DROWNED IN FLOOD.
MR. G. F. WEBSTER, OF THAMES. EARLY PIONEERING FAMILY. One of the victims of the week-end storm at Thames, Mr. G. F. Webster, aged 78, came of a well-known pioneering family of North Auckland. While he was asleep in the house in which he lived alone on the bank of the Puhoi River, Thames, on Saturday night, (as already reported in the "Auckland Star") a slip that had dammed the river gave, way, and the house was overwhelmed. Mr. Webster's body' was found on Sunday about a mile downstream from the site of his home, which was completely destroyed. A single man, Mr. Webster was highly regarded by all who had known liim during his long life in New Zealand. Horn at Kohukohu in December, 1 S">7, he was the. eldest son of Mr. Joliu Webster, one of the earliest white settlers on the Hokianga River, and an intimate friend of Judge Mailing. He was a grandson of George Frederick Russell, who landed at Hokianga in the early 1830s. He first attended school on the North Shore, and completed his education in Sydney. Returning to New Zealand in 1874, he went farming on his father's property at Opononi. He was a keen student of natural science, his favourite ho-bby being geology. He was a member of the syndicate that first exploited the, cinnabar deposits at Puliipuhi for the production of quicksilver. Latterly ho had been interested in goldmining at the Thames.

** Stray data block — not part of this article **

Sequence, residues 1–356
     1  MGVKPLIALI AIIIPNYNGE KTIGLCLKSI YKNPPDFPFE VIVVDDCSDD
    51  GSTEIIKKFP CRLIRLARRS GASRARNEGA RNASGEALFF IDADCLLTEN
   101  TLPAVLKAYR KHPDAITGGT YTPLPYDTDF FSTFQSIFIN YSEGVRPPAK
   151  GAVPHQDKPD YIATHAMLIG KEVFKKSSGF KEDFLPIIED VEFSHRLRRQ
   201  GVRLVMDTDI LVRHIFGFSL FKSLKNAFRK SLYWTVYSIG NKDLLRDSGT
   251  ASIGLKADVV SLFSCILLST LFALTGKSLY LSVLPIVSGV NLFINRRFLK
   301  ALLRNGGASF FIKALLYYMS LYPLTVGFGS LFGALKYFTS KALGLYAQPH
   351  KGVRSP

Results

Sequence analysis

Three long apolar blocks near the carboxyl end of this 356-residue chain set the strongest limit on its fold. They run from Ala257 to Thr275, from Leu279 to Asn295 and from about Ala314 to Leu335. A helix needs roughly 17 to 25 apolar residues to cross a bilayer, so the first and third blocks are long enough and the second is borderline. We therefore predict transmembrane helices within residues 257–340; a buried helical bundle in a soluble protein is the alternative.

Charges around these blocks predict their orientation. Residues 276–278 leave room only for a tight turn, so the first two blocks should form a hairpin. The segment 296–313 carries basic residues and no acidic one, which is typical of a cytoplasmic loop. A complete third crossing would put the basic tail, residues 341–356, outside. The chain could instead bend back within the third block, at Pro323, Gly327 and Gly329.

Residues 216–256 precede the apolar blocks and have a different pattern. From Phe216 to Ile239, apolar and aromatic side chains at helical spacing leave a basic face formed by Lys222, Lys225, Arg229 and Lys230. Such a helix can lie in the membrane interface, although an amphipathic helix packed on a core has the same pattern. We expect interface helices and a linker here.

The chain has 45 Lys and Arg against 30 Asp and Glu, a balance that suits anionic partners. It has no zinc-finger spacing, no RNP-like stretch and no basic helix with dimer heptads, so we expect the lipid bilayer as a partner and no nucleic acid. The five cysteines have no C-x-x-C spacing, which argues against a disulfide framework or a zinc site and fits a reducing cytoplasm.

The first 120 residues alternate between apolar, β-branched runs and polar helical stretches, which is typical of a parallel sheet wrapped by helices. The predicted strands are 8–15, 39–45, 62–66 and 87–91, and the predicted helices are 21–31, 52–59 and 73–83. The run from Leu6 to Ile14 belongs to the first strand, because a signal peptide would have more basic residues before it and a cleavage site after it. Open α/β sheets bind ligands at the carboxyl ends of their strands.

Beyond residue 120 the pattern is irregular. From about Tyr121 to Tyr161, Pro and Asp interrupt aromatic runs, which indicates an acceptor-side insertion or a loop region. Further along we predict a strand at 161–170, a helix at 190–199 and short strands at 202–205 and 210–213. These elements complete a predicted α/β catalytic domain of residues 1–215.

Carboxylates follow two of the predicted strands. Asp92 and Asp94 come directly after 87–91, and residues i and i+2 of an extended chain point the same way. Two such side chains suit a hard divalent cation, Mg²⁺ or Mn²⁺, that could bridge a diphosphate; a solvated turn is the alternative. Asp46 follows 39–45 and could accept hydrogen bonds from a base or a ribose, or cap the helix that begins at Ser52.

In his younger clays Mr. Webster 1 was an enthusiastic criekcter, being associated while he was at school in Sydney with Snoft'ortli and the Gregory brothers. Mr. Webster, was for many years a Justice of the Peace, and was an early member of the Masonic Hokianga Lodue.
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DROWNED IN FLOOD., Auckland Star, Volume LXVII, Issue 31, 6 February 1936
DROWNED IN FLOOD. Auckland Star, Volume LXVII, Issue 31, 6 February 1936
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